Long reviled as beasts of waste and desolation, wolves — along with other keystone predators — actually bring ecological stability to the habitats in which they live.
PHOTO: MINDEN PICTURES
Bears delay, or even forego, total hibernation when they can scavenge deer, elk and moose carcasses left by wolves.
MINDEN PICTURES/MATTHIAS BREITER
Cougars in Yellowstone National Park, in the absence of wolves, had expanded their hunting range beyond its natural boundaries.
MINDEN PICTURES/YVA MOMATIUK & JOHN EASTCOTT
The reclusive wolverine climbs trees and towering mountain walls with equal agility.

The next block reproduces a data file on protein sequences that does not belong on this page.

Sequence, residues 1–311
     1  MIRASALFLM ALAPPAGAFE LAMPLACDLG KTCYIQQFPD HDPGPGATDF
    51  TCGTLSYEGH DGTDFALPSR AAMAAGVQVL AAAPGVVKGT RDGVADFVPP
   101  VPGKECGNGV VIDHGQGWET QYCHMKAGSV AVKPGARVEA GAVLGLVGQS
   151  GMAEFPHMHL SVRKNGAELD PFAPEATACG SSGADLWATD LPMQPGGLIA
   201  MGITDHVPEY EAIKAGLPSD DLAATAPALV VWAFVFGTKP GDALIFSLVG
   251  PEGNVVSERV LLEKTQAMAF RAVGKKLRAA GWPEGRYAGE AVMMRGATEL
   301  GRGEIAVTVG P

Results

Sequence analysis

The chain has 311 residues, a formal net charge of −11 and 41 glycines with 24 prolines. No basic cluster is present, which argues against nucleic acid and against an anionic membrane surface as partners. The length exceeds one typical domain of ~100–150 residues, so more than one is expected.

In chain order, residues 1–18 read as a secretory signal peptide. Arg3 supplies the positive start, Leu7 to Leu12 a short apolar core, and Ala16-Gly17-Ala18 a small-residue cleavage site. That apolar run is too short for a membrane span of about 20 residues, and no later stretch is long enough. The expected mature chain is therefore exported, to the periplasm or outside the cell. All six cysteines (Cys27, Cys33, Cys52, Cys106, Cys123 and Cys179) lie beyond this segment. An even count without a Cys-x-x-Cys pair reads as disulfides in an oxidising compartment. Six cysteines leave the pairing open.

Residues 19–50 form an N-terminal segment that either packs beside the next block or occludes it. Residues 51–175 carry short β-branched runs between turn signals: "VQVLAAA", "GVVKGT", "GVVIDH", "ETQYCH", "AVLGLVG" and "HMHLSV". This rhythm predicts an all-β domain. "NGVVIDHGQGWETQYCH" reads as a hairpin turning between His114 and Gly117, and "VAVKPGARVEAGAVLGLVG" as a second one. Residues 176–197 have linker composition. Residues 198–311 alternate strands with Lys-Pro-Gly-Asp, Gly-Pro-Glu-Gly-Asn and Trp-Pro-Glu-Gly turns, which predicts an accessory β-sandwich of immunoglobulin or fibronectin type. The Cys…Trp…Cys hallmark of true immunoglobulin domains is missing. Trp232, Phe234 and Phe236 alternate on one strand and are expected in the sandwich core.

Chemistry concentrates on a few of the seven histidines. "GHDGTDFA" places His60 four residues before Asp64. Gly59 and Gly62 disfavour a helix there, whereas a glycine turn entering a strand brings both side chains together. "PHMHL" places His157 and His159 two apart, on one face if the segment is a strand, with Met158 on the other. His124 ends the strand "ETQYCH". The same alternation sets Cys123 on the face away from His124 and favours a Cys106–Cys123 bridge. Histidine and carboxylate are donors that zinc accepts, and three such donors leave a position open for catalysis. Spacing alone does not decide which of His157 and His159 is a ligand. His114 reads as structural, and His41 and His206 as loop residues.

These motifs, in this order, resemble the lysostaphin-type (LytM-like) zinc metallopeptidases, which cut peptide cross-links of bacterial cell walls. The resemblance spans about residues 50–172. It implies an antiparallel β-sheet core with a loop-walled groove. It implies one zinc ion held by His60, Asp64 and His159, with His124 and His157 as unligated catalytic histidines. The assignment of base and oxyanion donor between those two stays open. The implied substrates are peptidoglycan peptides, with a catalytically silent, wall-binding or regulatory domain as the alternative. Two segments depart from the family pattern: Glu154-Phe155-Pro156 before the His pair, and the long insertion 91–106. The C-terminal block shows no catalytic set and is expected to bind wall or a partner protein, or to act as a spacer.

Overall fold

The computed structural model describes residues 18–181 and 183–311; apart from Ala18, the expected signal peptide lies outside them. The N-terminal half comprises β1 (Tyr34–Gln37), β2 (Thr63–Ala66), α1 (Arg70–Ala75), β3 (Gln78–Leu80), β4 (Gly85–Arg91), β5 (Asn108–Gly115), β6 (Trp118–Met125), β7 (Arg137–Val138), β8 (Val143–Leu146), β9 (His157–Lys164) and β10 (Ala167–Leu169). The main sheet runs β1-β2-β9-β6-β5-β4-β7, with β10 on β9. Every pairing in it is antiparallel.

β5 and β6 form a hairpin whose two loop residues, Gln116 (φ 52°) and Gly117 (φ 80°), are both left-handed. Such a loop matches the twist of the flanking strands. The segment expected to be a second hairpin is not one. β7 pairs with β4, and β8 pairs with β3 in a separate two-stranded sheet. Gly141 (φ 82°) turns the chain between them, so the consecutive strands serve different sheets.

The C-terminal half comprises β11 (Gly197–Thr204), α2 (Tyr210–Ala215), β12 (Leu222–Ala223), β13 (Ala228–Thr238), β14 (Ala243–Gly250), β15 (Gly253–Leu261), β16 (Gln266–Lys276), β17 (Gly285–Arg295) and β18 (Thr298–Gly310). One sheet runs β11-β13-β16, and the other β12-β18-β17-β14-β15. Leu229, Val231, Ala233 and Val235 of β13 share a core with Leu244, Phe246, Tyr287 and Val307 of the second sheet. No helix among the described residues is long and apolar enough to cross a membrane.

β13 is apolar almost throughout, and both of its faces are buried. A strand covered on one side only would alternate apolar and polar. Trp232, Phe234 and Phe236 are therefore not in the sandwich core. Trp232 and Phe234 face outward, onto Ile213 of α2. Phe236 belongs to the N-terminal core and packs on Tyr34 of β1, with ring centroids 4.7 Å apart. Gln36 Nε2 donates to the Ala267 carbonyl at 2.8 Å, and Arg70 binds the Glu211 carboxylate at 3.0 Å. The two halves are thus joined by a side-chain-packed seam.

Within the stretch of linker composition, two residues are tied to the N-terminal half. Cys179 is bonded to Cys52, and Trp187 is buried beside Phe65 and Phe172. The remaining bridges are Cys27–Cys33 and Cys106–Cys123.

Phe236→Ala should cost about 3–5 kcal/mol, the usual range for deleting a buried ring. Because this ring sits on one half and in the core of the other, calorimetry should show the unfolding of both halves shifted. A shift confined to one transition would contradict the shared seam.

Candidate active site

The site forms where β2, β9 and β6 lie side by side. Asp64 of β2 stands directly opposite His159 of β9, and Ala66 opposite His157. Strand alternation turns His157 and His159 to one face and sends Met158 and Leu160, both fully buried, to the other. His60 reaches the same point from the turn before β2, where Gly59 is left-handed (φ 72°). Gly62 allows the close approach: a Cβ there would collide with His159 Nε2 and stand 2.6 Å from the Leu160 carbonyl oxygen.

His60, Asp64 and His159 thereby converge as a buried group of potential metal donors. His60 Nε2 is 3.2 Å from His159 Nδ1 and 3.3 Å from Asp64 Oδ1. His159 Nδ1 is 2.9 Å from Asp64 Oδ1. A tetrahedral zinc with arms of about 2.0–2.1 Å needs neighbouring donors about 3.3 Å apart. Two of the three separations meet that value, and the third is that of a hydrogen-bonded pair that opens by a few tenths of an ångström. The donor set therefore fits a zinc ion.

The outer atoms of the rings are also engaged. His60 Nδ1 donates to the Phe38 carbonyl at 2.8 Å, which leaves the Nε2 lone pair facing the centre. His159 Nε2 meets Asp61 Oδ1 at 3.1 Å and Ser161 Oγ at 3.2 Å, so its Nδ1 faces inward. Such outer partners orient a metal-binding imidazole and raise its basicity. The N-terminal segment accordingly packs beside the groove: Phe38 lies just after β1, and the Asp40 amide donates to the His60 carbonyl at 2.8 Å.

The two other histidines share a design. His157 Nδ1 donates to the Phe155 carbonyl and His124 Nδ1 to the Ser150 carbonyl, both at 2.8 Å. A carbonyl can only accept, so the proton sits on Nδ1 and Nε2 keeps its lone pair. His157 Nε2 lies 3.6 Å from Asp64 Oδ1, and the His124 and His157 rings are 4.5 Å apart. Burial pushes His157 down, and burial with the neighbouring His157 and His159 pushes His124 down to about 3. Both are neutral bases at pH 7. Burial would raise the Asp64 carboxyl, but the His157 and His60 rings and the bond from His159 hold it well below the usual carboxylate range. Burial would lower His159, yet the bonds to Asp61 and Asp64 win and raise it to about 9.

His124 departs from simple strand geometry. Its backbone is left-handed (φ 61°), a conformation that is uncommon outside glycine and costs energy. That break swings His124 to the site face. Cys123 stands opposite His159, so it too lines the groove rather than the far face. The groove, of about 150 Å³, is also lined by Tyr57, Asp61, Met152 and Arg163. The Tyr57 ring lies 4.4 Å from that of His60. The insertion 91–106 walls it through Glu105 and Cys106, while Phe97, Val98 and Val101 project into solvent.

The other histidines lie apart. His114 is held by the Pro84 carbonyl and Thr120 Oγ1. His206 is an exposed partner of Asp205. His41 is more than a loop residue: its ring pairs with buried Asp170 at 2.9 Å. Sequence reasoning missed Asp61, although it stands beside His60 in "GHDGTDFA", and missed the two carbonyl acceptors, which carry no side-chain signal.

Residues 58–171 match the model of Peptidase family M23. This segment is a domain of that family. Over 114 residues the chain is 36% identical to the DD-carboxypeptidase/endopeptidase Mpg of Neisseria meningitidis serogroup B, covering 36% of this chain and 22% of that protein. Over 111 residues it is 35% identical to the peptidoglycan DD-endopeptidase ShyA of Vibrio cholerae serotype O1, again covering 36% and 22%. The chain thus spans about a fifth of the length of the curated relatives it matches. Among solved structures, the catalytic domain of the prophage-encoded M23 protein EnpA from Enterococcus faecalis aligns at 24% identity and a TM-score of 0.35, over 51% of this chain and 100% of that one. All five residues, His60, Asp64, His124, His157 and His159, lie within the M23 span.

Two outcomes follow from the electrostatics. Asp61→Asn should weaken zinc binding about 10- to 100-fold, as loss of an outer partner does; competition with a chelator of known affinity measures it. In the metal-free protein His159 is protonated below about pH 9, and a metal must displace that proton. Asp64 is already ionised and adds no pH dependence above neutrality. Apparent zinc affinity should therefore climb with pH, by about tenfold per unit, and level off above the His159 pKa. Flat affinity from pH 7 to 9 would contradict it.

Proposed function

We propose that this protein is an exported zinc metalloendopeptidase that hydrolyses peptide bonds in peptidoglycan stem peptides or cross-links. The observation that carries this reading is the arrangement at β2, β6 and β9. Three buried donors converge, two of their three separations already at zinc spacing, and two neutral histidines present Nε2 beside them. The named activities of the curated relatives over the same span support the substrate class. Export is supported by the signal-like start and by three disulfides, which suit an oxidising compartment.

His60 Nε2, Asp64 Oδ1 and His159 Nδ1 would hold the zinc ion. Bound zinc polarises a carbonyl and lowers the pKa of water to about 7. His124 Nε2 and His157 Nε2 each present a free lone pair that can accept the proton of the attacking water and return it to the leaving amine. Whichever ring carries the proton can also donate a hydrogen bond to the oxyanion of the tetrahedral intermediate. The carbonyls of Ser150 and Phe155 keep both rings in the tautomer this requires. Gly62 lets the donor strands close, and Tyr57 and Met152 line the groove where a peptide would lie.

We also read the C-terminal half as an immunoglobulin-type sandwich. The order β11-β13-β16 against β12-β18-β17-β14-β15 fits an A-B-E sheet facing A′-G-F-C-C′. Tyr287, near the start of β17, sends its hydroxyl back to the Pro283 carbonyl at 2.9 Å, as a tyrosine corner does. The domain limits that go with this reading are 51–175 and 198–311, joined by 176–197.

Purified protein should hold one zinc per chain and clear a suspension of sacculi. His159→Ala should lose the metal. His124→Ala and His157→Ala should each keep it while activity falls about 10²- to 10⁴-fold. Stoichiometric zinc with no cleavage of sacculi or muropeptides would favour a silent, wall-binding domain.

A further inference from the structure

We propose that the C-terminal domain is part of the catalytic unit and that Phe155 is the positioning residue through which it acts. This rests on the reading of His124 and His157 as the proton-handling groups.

MINDEN PICTURES/KONRAD WOTHE
Reintroduction of wolves to Yellowstone thinned the excessive population of elk, enabling much-needed regrowth of willow, aspen and cottonwood trees.
MINDEN PICTURES/DONALD M. JONES
Attracted by the regrowth of trees and other woody plants, beavers built dams that created pond and marsh habitats for moose.
Elephants so profoundly affect their habitat that they’re known as “ecosystem engineers.”
Aspen trees in Yellowstone once again flourish because wolves keep the elk population in check.